Monday, January 28, 2013

Location scouting

looking for locations in Rio Rico, AZ to set up my composition of cardboard cutouts was difficult because of the unpredictable rainfall.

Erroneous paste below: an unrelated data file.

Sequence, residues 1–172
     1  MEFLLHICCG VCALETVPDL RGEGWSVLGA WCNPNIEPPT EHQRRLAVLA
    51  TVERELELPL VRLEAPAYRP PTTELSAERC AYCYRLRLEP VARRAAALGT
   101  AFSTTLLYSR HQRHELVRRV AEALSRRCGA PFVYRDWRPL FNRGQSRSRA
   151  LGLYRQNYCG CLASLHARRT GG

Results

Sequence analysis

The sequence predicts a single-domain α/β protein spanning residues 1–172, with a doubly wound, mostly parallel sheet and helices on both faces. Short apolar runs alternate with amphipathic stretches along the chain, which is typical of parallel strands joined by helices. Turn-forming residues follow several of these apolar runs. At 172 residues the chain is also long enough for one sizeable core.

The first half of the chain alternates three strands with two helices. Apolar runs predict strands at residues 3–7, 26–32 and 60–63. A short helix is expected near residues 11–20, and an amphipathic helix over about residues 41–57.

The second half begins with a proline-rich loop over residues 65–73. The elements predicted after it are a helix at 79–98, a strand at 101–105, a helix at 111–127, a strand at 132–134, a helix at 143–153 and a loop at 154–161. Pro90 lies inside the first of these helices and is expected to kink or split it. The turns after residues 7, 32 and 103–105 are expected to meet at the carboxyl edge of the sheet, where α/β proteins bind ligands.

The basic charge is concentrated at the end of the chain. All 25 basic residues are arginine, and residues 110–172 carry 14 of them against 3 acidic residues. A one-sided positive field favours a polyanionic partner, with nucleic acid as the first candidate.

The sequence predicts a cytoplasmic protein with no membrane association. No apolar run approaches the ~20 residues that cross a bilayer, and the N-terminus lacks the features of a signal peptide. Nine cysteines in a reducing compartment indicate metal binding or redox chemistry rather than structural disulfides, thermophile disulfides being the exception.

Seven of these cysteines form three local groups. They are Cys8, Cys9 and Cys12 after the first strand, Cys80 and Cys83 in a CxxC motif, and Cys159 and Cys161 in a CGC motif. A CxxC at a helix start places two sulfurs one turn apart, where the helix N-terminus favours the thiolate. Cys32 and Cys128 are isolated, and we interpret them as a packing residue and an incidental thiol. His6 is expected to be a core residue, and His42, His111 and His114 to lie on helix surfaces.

In my original sketch of Los Olvidados , I had drawn the figures assembled in front of a tall, Saguaro Cactus. We were having a hard time locating one that we could access easily and set up the cardboard cutouts. We found a Casino called The Desert Diamond in Sahuarita, AZ off Interstate 19 that was next to a fenced area with a few tall cacti that I felt could work for the composition, but the cloudy skies obscured what little light was being emitted by the rapidly setting sun. The location wasn't ideal because of it's proximity to the Casino security cameras. Regardless, we attempted to install the full composition of cardboard cutouts and had a few people to help with the set-up. One of the people helping me was a border patrol agent, who initially was upset that I wanted to bring my project to the desert he patrols. He is a friend who wishes to remain anonymous because of the sensitivity of the issue. We engaged in a civil discussion The night before, over dinner in Tucson about my reasons for the project and he shared with me his own opinions and skepticism of my intentions. He felt that by bringing a biased idea such as my cutouts sympathizing with the migrants, I would bring more negative attention and protests to what is essentially his job. He informed me of his routine patrolling the harsh landscape. The dangers he faces daily. The boredom he sometimes has when patrolling for hours on end by himself waiting for a sign of activity. He was particularly irritated and showed his displeasure at the difficulty of ordering a cheeseburger at McDonalds nearby from a cashier who didn't speak English. As he said this to me, I thought how similar his annoyance was to Geno's Steaks in Philadelphia, PA where they have a sign that reads "This Is AMERICA: WHEN ORDERING Please 'SPEAK ENGLISH'". I also thought of my grandmother, who passed away in 2009. She spoke no english. If my grandmother wanted a cheeseburger, I went and ordered it for her because I spoke english. Between my Parents, Aunts and Uncles, Spanish is the primary language, they are all Mexican Immigrants. Between my sisters, cousins and I, English is the primary language. We are all American born citizens. It is very common for us to speak spanglish at home with family because we are essentially a hybrid, living as the first generation with a direct connection to Mexico. The border patrol agent's annoyance at the lack of English skills from an American Mcdonald's Cashier, and the irony of a proud Italian-American eatery like Geno's Steaks in Philadelphia demanding for their customers to order in English, loses sight of the fact that the border patrol agent also migrated to the Rio Rico area for the job he now has, and that Geno's Steaks in Philadelphia is in a proud Italian-American community that not long ago had a first wave of Italian immigrants who chose to settle in that area of Philadelphia and establish their community. There is no winner in an issue as complex as this, and winning an argument should not be what we search for. The fact that I had a constructive conversation with someone who did not share my views and which motivated him enough to go out and assist me in installing my project in the desert that he originally was against, opened a door that was initially closed. The experience of understanding the border patrol agent as a human separate from his job, and him understanding me as a human separate from mine, meeting in the middle, was the victory.

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